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The School for American Crafts is a leader in producing artists, designers, and teachers in craft media. Merged with the Rochester Institute of Technology in 1950, the school today is a division of RIT’s College of Imaging Arts and Sciences, which offers additional programs in art, design, photography, film, and print media. As such, it is at the center of a dynamic and lively environment for all of the arts.

But the school has an earlier, distinguished origin as the brainchild of Aileen Osborne Webb (Mrs. Vanderbilt Webb), who was responsible for organizing several national craft organizations during the late 1930s and early 1940s (see page 32). As a leader in the American Craftsman’s Educational Council, Mrs. Webb wanted to offer a solid academic foundation for those who aspired to make a living as craftsmen. In 1944, she found a receptive base for her program, called the School for American Craftsmen, under the joint sponsorship of Dartmouth College in New Hampshire and the college’s Student Workshop (founded in 1941). The training and rehabilitation of returning veterans was an early and integral part of the program since it was created during wartime, but within a few years, a diverse student body was in place.


A two-year program in the fields of textiles, ceramics, wood, and metal was planned, and the first classes took place in November of 1944. According to the school prospectus, training in specific craft disciplines and a practical education in the marketing and sale of goods would enable graduates to establish their own workshops, join others who were engaged in limited production, or execute specialized tasks for industry. Products made by individuals or workshops could be sold through America House, a retail shop on New York’s Madison Avenue, created by the American Craftsman’s Cooperative Council, and an excellent proving ground for an object’s commercial appeal.1 The writers of the prospectus also anticipated the potential for graduates to create new occupational fields, for in the postwar era, a new breed of designer-craftsmen emerged who worked with industry, created prototypes for production, and raised the level of design in manufactured goods. This development took place in the silversmithing industry, as Towle, Reed & Barton, and other manufacturers in the 1950s hired young, talented metalsmiths including John (Jack) Prip, Robert King, Ron Pearson, and Earl Pardon to develop prototypes for production.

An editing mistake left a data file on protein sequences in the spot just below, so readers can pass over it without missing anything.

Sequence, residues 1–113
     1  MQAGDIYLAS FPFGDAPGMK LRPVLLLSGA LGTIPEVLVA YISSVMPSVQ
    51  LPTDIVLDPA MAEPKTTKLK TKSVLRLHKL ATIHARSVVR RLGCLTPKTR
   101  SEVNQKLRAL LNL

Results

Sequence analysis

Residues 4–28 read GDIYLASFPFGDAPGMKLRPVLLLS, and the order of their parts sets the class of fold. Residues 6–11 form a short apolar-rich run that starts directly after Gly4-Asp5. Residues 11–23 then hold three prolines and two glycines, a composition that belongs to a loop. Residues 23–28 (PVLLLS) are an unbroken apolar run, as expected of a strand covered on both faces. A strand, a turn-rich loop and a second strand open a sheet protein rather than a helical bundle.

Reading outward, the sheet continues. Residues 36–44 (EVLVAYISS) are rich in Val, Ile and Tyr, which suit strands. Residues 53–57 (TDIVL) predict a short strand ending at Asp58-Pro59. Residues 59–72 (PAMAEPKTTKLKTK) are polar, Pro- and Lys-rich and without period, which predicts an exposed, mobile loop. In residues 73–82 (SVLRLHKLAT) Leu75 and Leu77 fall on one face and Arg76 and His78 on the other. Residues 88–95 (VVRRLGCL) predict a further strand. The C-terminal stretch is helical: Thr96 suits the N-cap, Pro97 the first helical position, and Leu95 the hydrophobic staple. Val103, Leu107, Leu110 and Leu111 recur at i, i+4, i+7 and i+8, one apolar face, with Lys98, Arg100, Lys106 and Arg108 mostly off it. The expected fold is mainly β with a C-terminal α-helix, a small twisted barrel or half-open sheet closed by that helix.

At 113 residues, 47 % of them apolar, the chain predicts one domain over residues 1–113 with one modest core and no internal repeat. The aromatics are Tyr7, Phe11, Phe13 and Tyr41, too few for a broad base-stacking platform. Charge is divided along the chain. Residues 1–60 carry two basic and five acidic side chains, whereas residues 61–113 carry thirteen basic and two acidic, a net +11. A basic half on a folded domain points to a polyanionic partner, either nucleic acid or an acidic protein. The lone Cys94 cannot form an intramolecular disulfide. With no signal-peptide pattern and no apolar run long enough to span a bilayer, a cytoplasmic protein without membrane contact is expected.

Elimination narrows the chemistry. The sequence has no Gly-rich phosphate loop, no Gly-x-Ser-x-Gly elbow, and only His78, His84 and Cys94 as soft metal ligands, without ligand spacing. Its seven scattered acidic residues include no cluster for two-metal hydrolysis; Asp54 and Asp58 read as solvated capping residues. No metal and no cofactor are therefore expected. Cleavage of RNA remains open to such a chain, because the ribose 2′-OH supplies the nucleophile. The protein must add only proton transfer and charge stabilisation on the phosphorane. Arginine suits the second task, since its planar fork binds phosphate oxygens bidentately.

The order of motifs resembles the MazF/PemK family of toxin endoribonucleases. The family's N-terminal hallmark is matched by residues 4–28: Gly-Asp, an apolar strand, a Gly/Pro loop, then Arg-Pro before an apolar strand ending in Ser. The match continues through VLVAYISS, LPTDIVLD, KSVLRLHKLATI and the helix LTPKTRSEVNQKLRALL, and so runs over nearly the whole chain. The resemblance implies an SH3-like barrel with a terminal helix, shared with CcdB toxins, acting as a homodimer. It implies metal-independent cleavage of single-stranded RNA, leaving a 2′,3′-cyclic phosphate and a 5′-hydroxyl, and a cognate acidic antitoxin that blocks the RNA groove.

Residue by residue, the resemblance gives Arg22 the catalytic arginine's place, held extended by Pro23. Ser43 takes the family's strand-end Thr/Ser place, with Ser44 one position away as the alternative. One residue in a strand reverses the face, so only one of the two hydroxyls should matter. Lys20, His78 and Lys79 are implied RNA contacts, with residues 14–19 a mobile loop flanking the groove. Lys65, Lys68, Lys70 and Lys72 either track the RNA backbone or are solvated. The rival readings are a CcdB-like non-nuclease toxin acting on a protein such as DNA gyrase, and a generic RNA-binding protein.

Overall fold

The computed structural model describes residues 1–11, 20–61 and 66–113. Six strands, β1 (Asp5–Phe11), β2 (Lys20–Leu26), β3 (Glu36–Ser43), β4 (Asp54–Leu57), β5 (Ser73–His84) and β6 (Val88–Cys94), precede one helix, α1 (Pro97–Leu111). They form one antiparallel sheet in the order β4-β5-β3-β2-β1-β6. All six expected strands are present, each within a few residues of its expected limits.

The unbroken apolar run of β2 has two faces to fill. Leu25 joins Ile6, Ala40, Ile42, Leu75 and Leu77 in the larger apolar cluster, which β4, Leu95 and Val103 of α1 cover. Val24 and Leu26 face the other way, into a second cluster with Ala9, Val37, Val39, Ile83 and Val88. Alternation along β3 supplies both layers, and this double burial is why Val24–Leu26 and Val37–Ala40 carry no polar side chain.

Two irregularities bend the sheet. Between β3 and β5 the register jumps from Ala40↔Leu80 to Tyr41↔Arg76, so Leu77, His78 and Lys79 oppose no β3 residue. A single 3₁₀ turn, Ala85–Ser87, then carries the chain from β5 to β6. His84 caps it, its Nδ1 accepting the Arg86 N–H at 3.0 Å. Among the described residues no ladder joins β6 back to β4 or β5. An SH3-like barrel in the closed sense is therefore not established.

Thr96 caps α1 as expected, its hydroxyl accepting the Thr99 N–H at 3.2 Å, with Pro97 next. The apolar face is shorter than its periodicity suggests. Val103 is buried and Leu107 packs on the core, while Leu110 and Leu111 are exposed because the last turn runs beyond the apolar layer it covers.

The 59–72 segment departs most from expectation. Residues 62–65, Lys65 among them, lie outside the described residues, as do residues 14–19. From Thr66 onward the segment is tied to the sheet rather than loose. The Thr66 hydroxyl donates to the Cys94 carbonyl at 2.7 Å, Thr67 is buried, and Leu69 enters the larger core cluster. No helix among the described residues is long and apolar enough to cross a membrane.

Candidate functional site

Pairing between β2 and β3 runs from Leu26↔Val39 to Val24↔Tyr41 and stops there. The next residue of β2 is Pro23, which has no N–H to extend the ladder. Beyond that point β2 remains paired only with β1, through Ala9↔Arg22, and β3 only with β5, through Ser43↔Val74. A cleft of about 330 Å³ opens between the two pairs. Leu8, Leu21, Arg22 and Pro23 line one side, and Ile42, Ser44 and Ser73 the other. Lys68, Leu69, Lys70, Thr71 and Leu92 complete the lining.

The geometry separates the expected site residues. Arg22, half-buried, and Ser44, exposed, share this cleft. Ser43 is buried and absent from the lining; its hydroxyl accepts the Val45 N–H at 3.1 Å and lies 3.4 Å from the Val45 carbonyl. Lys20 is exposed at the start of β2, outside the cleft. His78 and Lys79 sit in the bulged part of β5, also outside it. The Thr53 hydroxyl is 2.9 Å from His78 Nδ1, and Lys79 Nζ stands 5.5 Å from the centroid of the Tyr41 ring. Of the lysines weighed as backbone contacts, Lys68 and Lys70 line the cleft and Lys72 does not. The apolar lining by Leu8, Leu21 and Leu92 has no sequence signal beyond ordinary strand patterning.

The faculty was composed of experienced craftspeople, most of whom had previously operated their own shops or taught. Morning classes were devoted to design and the technical aspects of each discipline, while afternoons were focused on production. During the afternoon sessions, designs from various sources were considered on the basis of design, functionality, and marketability. Students then worked on approved examples, keeping track of their time, materials, and methods to determine the likely cost of the work.

Power and hand tools were available to students, who were encouraged to use the most efficient means to achieve their goals. The artistic nature of this work, however, was downplayed, unlike the approach taken during the Arts and Crafts period. The Dartmouth program was a practical one that had much in common with earlier manual training and later vocational schools. The use of power machinery did not mean, however, that hand tools gathered dust. The director of training, Virgil Poling, believed that handcraftsmanship was a creative activity that contributed to the quality of life in American culture: